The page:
Public Access Me
October 18 – November 17 2012
In 2012, the New Museum presented “Public Access Me,” a newly created project for the New Museum’s First Look online exhibition series by Swedish artist Jonas Lund (b. 1984).
“Public Access Me” was an advancement of a project Lund launched earlier the same year called Selfsurfing that allows viewers to watch a live, auto-updating clone of his personal browser. Through Selfsurfing, viewers can follow Lund as he surfs the web—reading the news, working, shopping, etc. “Public Access Me” was differentiated from Selfsurfing by an additional layer of access that Lund opened up: in this version, viewers could watch Jonas as he participated in social media (Facebook, Twitter) and even as he emailed—all live. Since the stream of pages available for viewers corresponded to Lund’s actual activity online, this radical reveal of his personal networks and online activity unfolds in an often mundane experience that the artist likens to “watching TV.” Encountering “Public Access Me” at different points during the day, viewers might see an article Lund is reading, details of a sandwich shop where he has just gone to pick up lunch, or a shot of his email inbox in real time. Reminiscent of the durational works by performance artists like Tehching Hsieh, “Public Access Me” involved an intense commitment from Lund over a concentrated period of time: opening and free sharing all his information to a boundless public.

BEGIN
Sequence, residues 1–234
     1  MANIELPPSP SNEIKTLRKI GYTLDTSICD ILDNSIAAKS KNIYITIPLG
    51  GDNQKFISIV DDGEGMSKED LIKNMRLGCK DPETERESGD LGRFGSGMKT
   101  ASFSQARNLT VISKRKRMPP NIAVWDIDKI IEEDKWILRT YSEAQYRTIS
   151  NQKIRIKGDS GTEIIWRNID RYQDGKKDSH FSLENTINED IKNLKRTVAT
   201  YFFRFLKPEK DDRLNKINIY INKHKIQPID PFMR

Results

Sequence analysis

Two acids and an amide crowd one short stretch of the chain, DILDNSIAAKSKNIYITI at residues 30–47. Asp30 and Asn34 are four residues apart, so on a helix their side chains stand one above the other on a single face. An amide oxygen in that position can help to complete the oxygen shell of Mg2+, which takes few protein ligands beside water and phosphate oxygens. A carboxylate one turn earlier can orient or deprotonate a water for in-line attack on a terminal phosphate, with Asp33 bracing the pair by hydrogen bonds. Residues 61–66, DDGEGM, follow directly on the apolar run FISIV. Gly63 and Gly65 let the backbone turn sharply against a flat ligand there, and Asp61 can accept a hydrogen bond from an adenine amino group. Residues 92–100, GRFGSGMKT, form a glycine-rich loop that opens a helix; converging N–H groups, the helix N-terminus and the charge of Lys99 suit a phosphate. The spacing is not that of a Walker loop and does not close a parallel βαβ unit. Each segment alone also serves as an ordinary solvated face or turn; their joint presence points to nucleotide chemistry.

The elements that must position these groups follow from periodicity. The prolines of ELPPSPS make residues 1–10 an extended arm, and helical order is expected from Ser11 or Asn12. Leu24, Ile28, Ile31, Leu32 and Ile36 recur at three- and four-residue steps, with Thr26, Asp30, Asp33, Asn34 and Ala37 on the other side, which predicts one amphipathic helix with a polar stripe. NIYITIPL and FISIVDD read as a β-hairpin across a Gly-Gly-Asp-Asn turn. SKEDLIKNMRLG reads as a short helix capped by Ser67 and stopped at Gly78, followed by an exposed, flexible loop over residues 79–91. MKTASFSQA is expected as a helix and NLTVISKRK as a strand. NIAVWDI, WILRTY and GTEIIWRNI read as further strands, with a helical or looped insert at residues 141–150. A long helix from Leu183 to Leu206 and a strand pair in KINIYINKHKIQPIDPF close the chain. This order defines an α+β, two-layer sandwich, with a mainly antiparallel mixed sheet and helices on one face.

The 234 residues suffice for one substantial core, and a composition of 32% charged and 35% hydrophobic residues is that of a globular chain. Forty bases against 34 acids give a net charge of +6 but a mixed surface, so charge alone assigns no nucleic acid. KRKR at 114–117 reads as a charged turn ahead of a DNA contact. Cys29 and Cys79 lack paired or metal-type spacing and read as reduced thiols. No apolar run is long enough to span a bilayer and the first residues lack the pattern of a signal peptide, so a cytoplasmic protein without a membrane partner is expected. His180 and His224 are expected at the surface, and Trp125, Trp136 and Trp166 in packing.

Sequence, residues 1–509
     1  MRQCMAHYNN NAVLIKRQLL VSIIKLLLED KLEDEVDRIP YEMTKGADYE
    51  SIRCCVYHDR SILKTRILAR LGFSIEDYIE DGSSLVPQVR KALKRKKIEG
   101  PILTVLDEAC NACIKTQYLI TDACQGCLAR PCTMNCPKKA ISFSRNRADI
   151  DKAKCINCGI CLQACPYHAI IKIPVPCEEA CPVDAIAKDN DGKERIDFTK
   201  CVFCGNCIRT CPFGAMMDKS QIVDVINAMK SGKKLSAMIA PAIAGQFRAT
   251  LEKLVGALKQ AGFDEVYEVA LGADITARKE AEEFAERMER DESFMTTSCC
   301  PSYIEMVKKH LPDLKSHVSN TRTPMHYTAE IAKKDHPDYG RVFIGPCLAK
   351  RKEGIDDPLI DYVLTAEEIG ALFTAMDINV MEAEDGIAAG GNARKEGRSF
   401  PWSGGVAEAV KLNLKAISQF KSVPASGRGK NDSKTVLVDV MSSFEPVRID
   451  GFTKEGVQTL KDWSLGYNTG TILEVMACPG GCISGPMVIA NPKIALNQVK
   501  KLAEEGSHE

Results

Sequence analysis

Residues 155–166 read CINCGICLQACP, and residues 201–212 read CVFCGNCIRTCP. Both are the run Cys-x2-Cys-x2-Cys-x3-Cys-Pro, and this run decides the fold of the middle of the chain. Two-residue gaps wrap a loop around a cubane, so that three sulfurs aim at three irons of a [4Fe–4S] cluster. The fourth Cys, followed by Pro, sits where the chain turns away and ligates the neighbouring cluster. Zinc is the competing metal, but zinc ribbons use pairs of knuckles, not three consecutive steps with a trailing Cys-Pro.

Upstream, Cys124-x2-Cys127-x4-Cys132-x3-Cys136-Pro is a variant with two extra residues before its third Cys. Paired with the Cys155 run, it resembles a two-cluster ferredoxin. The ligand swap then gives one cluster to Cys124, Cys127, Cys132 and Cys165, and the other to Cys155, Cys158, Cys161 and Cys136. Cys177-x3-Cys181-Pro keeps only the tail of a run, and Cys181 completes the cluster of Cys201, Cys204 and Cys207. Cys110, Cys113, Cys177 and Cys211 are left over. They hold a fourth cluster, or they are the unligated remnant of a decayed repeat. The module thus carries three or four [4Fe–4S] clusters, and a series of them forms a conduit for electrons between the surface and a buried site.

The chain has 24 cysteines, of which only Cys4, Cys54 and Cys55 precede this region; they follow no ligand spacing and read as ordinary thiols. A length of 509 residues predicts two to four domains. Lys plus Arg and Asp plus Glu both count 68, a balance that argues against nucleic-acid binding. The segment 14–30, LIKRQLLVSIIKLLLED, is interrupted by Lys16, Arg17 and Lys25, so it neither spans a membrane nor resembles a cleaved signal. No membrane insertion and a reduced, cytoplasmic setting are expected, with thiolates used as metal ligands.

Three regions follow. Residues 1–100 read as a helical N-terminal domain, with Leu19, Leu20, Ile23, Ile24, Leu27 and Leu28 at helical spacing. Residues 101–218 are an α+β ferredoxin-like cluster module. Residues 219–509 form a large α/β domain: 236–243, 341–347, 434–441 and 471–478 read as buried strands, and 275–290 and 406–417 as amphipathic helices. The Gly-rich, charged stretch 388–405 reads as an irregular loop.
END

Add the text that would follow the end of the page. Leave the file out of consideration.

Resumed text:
By directly engaging the new level of openness and visibility present in contemporary culture, “Public Access Me” presented privacy not only as a contested and changing concept but, possibly, an outmoded option. Today, we participate in third-party platforms—be they social media services, online shopping networks, or privately-hosted email—to which we regularly, often unthinkingly, surrender our personal data, by signing up, registering, posting, and uploading details of our lives. “Public Access Me” took this new era of unconscious surrender to an extreme, by literally offering up everything the artist is doing without question or permission. For Lund, “Public Access Me” was also an experiment in what kind of new behaviors or activities this level of openness will create. Would Lund show us everything? Or would he develop strategies to shield certain interests or activities?
“Public Access Me” drew on Lund’s previous works in addition to Selfsurfing that create public trails or archives of his activities. I Am Here or There (2011) broadcast live every URL the artist passed through; the project is preserved as a long list of links that records his time online. The Paintshop.biz (2012) encouraged anonymous users to collectively create a work of art, which was finished when a signature and purchase was made. Collectively, Lund’s prescient works reflect on contemporary networks and question the conventional behaviors we adopt in a culture quickly adapting to new technologies.
Established in 2012 and co-organized by the New Museum and Rhizome, First Look is a digital art commissioning and exhibition program representing the breadth of art online—from interactive documentary, to custom-built participatory applications, to moving image-based works, and art for mobile VR. Encompassing a substantial array of work that continues to expand, First Look explores the formal, social, and aesthetic possibilities of emerging technologies on the web.